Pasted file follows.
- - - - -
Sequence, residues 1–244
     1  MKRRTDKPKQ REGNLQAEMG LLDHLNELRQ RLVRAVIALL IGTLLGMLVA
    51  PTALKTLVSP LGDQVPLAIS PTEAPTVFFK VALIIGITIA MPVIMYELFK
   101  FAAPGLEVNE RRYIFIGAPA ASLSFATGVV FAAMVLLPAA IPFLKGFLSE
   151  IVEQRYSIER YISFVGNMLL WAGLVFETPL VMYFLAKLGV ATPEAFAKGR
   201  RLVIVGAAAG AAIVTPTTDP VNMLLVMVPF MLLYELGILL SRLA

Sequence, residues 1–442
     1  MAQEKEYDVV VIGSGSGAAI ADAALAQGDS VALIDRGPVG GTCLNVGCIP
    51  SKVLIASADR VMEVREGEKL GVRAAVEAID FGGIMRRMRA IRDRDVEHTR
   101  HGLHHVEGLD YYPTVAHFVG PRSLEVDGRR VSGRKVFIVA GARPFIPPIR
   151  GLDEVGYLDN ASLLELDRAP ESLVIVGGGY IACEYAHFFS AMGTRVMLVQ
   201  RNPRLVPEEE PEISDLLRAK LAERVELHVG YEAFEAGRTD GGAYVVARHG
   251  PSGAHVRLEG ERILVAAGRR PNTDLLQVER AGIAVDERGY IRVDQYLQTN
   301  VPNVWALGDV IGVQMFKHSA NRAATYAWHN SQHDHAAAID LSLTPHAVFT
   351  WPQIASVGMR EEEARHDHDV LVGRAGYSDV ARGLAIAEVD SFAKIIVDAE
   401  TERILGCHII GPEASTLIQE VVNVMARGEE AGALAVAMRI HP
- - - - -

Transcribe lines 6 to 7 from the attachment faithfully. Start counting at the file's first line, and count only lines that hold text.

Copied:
   201  RLVIVGAAAG AAIVTPTTDP VNMLLVMVPF MLLYELGILL SRLA

Sequence, residues 1–442